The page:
Legacy of top-down herbivore pressure ricochets back up multiple trophic levels in forest canopies over 30 years, Ecosphere, Jan 2011Removal of top-down control on herbivores can result in a trophic cascade where herbivore pressure on plants results in changes in plant communities. These altered plant communities are hypothesized to exert bottom-up control on subsequent herbivory via changes in plant quality or productivity. But it remains untested whether top-down perturbation causes long term changes in plants that ricochet back up the new food chain that depends on them. In a large-scale, 30-yr controlled field experiment, we show that 10 yr of top-down control of an ungulate herbivore (white-tailed deer, Odocoileus virginianus) created contrasting forest tree communities exerting bottom-up effects that ricochet back up 3 trophic levels 20–30 yr later. Higher ungulate densities during stand initiation caused significant reductions in tree species diversity, canopy foliage density, canopy insect density, and bird density in young (ca. 30 yr old) forests. Because recruitment of trees from seedlings to the canopy occurs over a relatively brief period (ca. 10 yr), with membership in the canopy lasting an order of magnitude longer, our results show that even short-term perturbations in ungulate density may cause centuries-long disruptions to forest ecosystem structure and function. In documenting this five-step trophic ricochet, we unite key concepts of trophic theory with the extensive literature on effects of ungulate overabundance. As predators decline and ungulate herbivores increase worldwide, similar impacts may result that persist long after herbivore density becomes effectively managed.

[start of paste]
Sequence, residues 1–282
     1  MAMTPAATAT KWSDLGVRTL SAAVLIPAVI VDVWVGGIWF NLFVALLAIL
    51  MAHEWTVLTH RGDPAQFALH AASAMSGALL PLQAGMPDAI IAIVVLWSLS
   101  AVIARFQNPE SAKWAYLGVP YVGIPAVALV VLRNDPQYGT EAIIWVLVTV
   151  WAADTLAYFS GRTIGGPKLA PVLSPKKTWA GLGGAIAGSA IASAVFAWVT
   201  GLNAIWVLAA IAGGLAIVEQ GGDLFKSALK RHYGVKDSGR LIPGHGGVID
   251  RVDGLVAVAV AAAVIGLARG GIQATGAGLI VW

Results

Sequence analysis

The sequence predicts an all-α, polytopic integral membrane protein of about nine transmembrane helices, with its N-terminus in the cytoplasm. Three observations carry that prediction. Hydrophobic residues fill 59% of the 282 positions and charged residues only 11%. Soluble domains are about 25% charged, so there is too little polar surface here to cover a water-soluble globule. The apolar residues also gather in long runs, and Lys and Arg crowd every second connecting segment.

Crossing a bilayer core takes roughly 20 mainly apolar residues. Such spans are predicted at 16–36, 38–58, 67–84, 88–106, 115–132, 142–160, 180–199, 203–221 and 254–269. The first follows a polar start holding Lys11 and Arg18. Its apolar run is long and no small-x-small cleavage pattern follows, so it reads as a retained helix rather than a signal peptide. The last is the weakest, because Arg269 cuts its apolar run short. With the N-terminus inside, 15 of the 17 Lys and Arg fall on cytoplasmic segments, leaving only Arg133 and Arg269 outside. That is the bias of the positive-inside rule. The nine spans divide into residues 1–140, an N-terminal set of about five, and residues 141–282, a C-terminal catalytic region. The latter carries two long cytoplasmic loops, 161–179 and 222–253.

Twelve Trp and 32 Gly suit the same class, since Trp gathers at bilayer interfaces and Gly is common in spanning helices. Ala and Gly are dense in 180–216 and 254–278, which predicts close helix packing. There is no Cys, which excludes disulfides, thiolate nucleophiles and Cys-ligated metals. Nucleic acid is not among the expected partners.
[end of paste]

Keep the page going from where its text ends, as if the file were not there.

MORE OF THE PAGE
Appetite for trouble

Appetite for trouble
Wisconsin Natural Resources Magazine, Oct 2007

Even small numbers of deer can have dramatic consequences where the land can’t support a larger herd. At a deer density of 12 to 15 animals per square mile of range, herbaceous plants like trillium, Indian cucumber, showy lady’s slipper and white fringed orchid decline. When deer densities reach 20 to 25 animals per square, species like pines, white cedar, hemlock, oaks and Canada yew can stop regenerating and small mammals like red-backed voles, an important prey species, starve out without the forest floor vegetation they need. At 25 to 35 animals per square mile of range, birds like hooded warblers decline from lack of needed ground, shrub and tree layers.

The impact of deer on relationships between tree growth and mortality in an old-growth beech-maple forest